Journal Article

Changes in the Process of Care and Outcome Over a 10-year Period in a Neonatal Nursery in a Developing Country

Jacqueline J. Ho and Alvin S. M. Chang

in Journal of Tropical Pediatrics

Volume 53, issue 4, pages 232-237
Published in print August 2007 | ISSN: 0142-6338
Published online June 2007 | e-ISSN: 1465-3664 | DOI: http://dx.doi.org/10.1093/tropej/fmm050
Changes in the Process of Care and Outcome Over a 10-year Period in a Neonatal Nursery in a Developing Country

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Background: Over a 10-year period there was increasing involvement by clinicians in the generation and implementation of evidence-based practices in the neonatal intensive care unit (NICU). For two cohorts of very low birth weight (VLBW) babies admitted 10 years apart to a developing country, NICU were compared and changes occurring in process of care that might have contributed to any change in outcome were documented.

Methods: Prospective data were collected on characteristics, management and complications of all VLBW infants admitted over the same 6-month period in 1993 and 2003 and examined for changes in evidence-based practices and outcome.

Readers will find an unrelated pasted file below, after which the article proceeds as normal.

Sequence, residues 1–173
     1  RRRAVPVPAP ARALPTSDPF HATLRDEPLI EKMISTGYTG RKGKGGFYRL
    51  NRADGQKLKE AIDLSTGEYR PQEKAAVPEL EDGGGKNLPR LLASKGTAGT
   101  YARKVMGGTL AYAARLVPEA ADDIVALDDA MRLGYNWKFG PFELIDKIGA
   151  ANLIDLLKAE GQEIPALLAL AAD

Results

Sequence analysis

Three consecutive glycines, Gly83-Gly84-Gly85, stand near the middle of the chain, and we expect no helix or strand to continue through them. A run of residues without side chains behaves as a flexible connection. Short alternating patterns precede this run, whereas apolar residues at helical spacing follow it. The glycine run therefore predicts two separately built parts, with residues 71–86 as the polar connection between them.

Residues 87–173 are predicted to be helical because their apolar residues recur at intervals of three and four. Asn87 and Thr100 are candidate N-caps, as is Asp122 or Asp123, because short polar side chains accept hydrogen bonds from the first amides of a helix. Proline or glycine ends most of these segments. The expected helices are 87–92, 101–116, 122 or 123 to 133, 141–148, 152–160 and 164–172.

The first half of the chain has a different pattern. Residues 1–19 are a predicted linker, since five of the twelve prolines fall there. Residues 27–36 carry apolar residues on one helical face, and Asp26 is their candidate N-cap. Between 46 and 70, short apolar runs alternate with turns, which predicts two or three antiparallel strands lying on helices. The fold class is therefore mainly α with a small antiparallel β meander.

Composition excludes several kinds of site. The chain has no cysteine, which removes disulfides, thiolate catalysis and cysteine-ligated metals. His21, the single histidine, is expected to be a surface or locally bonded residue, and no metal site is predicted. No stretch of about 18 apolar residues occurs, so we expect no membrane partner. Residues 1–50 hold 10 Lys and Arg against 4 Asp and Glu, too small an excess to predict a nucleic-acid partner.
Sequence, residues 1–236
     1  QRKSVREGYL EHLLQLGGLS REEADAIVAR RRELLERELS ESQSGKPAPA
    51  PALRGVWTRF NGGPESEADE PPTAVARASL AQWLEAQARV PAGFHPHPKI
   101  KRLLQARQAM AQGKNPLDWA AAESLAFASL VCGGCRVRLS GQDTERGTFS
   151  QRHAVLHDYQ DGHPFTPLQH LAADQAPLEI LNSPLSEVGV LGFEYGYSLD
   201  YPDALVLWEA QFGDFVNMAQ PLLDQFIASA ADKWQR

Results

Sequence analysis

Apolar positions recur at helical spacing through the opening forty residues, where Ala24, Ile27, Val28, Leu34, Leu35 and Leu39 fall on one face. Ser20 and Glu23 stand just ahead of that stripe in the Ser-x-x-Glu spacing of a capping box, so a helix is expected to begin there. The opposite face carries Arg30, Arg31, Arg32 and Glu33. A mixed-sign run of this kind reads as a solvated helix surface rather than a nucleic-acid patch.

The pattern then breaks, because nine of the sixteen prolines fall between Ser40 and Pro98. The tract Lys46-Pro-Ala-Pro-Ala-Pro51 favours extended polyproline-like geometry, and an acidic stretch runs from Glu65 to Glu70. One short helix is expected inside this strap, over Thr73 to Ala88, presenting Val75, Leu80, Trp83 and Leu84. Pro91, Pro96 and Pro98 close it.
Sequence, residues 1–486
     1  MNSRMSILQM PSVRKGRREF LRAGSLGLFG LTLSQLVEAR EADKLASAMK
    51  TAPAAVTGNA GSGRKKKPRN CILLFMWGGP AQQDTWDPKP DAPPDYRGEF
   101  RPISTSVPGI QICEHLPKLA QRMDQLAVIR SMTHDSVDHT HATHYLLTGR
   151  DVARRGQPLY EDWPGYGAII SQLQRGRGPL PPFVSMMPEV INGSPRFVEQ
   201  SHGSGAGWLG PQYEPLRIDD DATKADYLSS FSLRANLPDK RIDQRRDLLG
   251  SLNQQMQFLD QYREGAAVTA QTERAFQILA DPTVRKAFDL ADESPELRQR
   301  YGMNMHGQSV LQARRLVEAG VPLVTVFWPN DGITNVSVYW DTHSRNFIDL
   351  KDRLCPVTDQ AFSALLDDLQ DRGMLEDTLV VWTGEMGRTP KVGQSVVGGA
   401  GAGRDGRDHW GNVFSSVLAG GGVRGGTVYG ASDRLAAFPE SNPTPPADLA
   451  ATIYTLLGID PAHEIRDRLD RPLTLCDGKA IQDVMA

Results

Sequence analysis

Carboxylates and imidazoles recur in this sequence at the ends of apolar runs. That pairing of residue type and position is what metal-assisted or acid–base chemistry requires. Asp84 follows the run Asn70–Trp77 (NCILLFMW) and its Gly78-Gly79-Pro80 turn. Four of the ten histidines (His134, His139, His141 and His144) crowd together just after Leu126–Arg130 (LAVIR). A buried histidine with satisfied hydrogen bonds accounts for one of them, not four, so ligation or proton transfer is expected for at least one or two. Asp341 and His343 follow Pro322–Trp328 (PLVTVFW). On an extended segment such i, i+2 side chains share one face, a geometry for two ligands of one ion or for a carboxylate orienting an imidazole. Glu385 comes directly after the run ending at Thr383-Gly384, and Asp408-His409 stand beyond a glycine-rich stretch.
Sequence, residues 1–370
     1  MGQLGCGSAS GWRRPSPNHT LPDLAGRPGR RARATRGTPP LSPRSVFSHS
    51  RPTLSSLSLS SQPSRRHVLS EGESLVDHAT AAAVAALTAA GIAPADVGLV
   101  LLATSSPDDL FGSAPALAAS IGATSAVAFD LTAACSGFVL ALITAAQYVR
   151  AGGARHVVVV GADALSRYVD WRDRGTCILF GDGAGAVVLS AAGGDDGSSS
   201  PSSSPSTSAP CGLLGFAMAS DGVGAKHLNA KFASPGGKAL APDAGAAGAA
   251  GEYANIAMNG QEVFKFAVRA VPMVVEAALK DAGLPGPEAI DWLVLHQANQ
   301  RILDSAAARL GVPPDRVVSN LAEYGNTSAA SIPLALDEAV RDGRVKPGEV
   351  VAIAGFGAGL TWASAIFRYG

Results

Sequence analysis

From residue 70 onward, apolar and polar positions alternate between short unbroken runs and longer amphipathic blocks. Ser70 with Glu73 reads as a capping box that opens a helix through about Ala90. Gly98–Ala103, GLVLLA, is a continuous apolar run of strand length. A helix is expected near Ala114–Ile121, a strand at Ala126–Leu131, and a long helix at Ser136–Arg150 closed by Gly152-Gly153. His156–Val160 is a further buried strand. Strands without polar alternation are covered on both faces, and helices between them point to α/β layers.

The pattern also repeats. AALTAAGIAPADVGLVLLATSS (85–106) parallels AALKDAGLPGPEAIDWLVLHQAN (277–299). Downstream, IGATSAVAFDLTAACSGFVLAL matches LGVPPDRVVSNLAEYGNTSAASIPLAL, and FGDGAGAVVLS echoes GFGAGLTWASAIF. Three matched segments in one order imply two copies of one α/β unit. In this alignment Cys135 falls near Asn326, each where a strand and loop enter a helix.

Results: Compared to the first cohort of 69 babies, 60 babies in the second cohort were significantly more likely to have been inborn (p < 0.001), born by Caesarean section (p = 0.035), to have received antenatal corticosteroids (p < 0.001), to be intubated at birth (p < 0.001) and have a 5 min Apgar score above 6 (p = 0.034). They were also significantly lighter and of lower gestation (p = 0.005). They were significantly more likely to have received surfactant (p < 0.001), to have been ventilated and to have had double prong nasal continuous positive pressure either as a mode of ventilation or for weaning (p < 0.001). Hypothermia on admission was more common in the second cohort (p < 0.001). Survival increased from 62.3% to 81.6% (p = 0.015).

Conclusions: Although causality cannot be established, an increase in the use of evidence-based practices was associated with a significant improvement in outcomes. In spite of greater barriers to implementation there are evidence-based strategies that can be put into neonatal practice in developing countries.

Keywords: evidence-based medicine; developing countries; neonatal intensive care; very low birth weight

Journal Article.  3025 words. 

Subjects: Paediatrics

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